Dr. Tzu-I ChungCurator of History
Why did you want to become a historian?
History has always intrigued me – I’ve wondered how people lived and acted, how the past informs the present, what utensils people used and what clothes people wore (and how it felt to wear those clothes). I’ve been especially interested in what people in the past thought and assumed (what they unconsciously accepted as normal, like social class, gender roles and perceptions of nature) about their lives and times.
How did you become a curator?
During and after my doctoral studies, my years teaching in American universities strengthened my belief in the importance of diversity and historical education, and my commitment to public outreach. My position as a curator at the Royal BC Museum is a remarkable opportunity to work with scholars and professionals in public outreach, educational programming and exhibits.
What does a curator do?
To curate means to care for. My job involves caring for, developing, displaying, studying and sharing our museum’s history collections and our province’s history. My work can be divided into three major areas: research, collection development and interpretation, and outreach.
I conduct research on the artifacts in our history collections to find out the stories behind them, and how these stories connect to our provincial, national and global history. I also evaluate donations to the Royal BC Museum’s history collection and make short-term and long-term plans and arrangements to acquire new items. And, to provide content and context for major exhibits, I select artifacts and write their stories.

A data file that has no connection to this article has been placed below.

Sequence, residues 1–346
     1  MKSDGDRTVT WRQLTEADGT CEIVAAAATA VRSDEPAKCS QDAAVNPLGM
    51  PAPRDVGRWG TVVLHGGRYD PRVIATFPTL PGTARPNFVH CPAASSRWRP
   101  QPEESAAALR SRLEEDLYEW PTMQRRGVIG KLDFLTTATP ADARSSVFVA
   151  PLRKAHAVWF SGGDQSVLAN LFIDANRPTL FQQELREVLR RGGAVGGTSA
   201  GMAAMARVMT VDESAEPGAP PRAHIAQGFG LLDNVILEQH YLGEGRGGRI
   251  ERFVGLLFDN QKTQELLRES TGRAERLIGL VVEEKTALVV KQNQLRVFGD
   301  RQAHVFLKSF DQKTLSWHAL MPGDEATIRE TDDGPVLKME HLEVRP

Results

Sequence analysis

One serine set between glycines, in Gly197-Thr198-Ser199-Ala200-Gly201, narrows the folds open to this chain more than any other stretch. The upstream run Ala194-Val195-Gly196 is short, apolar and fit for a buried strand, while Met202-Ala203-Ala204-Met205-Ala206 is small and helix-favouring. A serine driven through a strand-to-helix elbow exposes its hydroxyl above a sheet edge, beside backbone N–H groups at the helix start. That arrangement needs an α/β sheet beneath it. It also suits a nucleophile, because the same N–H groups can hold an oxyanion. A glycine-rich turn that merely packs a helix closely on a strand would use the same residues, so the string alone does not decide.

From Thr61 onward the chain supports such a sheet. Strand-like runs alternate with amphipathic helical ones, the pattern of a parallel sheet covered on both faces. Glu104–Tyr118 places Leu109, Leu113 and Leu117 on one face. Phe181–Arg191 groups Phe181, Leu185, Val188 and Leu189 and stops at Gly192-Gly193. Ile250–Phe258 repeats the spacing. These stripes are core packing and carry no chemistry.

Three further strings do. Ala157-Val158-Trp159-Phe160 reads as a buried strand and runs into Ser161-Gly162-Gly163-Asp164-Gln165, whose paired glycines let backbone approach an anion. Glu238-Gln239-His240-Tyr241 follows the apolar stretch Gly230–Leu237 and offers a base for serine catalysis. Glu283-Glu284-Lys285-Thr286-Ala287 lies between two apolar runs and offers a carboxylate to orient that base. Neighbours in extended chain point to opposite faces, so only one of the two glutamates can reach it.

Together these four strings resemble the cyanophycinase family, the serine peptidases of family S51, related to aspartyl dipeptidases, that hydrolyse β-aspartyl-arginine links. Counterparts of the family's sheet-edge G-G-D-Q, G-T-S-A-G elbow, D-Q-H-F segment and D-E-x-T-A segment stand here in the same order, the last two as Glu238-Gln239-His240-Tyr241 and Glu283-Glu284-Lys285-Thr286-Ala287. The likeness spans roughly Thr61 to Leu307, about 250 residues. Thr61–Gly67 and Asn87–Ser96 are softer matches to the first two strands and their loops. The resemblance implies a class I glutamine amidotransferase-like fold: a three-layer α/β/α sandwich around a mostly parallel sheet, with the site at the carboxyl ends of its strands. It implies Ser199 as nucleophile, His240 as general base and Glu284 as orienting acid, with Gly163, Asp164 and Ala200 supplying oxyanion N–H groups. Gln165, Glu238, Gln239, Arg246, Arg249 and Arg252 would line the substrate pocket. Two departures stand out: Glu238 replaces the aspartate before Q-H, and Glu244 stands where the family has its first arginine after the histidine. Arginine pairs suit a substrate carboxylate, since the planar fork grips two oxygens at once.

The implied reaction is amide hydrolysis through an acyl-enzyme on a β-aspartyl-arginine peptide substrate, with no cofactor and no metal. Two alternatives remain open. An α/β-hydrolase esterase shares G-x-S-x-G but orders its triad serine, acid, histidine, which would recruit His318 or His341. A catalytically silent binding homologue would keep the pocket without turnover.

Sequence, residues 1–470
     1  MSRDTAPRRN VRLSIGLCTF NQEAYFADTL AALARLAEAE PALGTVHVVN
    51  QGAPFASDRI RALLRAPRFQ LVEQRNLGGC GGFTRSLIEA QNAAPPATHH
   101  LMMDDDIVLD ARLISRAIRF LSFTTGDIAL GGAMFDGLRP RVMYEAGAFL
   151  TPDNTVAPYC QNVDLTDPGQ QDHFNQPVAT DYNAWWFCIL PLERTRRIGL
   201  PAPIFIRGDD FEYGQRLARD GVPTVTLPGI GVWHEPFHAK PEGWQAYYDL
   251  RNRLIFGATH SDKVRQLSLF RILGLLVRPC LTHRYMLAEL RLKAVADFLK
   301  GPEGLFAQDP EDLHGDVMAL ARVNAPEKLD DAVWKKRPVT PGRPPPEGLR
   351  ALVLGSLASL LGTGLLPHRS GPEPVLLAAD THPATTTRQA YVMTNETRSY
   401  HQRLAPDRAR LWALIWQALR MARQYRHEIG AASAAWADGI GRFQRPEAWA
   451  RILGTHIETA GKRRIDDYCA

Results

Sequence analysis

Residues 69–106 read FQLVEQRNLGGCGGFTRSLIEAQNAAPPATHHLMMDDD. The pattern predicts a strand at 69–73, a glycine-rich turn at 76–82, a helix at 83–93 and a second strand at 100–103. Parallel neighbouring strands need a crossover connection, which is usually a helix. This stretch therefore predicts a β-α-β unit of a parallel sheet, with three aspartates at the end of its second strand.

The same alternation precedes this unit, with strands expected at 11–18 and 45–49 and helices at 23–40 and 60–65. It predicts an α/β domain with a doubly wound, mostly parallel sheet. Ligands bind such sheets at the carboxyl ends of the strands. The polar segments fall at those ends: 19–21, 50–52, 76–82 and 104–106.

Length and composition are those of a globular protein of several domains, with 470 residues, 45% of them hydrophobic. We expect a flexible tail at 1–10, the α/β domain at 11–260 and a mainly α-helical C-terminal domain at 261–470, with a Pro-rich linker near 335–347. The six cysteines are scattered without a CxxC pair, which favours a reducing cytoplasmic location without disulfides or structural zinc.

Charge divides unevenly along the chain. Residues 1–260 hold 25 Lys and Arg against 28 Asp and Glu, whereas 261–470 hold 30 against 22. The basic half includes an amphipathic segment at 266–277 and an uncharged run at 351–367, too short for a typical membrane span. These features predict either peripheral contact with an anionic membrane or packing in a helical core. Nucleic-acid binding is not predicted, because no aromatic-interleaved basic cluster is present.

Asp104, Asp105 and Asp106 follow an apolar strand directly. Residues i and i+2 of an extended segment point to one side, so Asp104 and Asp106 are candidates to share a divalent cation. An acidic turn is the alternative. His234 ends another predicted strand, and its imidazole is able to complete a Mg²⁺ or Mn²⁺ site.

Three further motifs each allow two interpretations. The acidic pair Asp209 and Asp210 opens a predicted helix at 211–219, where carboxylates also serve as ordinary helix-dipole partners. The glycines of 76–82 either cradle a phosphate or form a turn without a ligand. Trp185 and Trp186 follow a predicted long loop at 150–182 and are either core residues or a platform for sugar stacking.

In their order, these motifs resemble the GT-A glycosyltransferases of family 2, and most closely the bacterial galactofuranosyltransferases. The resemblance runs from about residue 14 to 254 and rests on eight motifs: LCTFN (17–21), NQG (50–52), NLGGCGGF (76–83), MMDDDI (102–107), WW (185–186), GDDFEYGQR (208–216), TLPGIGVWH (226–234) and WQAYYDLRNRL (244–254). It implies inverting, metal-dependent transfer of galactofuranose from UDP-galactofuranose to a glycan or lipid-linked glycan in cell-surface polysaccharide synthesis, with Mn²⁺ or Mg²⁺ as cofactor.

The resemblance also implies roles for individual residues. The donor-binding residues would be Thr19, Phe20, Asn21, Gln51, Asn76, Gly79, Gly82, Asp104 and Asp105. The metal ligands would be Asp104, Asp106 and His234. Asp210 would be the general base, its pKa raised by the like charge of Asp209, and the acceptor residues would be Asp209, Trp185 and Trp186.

My outreach activities include writing articles, giving lectures and doing tours for various groups, in order to share information about BC’s history and cultural diversity, our collections and our exhibits. I also respond to inquiries from the public and participate in conferences and community and scholarly projects.
Stories by or about this person
Curator of Human History Dr. Tzu-I Chung writes about the Guichon family ranchers who arrived in the Nicola Valley during the Cariboo Gold Rush. Five generations later the Guichon family has one of the largest working cattle ranches in BC.
In 2004, a collection of almost 200 miscellaneous items was donated to the Royal BC Museum by David Walker. He had worked as a cleaner in downtown Victoria, including Chinatown, from the 1950s to the 1990s.
Dr. Tzu-I Chung explores how gold seekers from many parts of Europe, the Americas and Asia followed the gold trail around the world. The gold rush brought the first major settlement of Chinese people to Canada, and what would later become known as British Columbia.